1342 words • 6~9 min read

Great white shark movements at Geyser Rock

michelleMichelle Wcisel is a Zoologist specialized in predator/prey behaivour and the Scientific Communicator for EDNA Interactive.  She has spent the past 4 years studying the behaviour of white sharks and Cape fur seals at Geyser Rock, ‘Shark Alley’, South Africa.  


Animal movement is often shaped by natural barriers; a fish can’t leave the river it swims in, a tortoise is going to struggle to climb a cliff face, and a pangolin can’t swim across the sea.  These barriers come quite naturally to the animals, yet researchers have often struggled to account for these constraints in movement analysis, particularly when it comes to estimating home range (or ‘Utilization Distributions’, UDs).  Unfortunately, the few solutions that have attempted to account for barriers are often incredibly complicated without providing much improvement overall, so previous studies have been forced to simply ‘clip out’ the parts of the estimate that extend over these inconceivable areas (i.e. Heupel et al. 2004; Hammerschlag et al. 2012; Jewell et al. 2012).

White sharks movements are particularly interesting when it comes to this conundrum, as they are not only shaped by boundaries; the species is attracted to barriers every year when they seek out seal colonies to forage or move inshore to beaches (Kock et al. 2013; Towner et al. 2013).  Our study area proved to be particularly challenging due to structures such as Shark Alley – a roughly 250m wide channel of water between Dyer Island and Geyser Rock (the seal colony).  The white sharks we manually tracked (VIDEO) spent the majority of their time in the alley, therefore if we used the traditional method of clipping the UD, we would have lost the majority of the data we fought long and hard to collect!  Traditional methods are also unable to account for movement (as in Jewell et al. 2012), which results in UDs clumping in areas of high use (or high tag activity) and neglecting important migration corridors between them. This is when we began to look for suitable alternatives to accurately project what the white sharks at Dyer Island and Geyser Rock were up to without sacrificing the data.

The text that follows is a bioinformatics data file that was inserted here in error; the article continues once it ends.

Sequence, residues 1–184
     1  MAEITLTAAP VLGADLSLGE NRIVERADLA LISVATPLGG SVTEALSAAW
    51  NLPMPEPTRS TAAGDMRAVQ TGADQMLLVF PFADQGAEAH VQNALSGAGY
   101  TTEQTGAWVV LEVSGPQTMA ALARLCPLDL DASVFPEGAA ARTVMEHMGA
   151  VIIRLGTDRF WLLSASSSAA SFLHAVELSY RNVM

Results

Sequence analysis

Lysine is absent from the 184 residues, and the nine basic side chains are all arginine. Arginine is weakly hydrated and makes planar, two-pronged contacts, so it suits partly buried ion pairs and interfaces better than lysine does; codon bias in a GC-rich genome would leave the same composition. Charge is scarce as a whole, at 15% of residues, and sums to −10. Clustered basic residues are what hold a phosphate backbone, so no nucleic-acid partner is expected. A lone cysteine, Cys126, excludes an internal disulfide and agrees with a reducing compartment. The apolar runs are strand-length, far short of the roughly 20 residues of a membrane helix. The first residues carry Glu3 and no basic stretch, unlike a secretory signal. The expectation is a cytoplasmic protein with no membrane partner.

Simon Benhamou’s work on Movement Based Kernel Density Estimates (MKDEs) was our starting point (Benhamou & Cornélis 2010). MKDEs create UD estimates that make use of positions collected in succession within an animal’s track and consider the time taken between positions to build the spatial density of the range.  Additionally, this method can account for boundaries defined within the range before the analysis and will shape the UD around them.  Here’s an example of traditional method vs. MKDE that we used on Shark5’s track.  You can see that the MKDE does a great job of projecting the movement of Shark5’s UD around the seal colony (right), whereas in the traditional method, we would have lost the data that the kernel places over the island’s east side (left).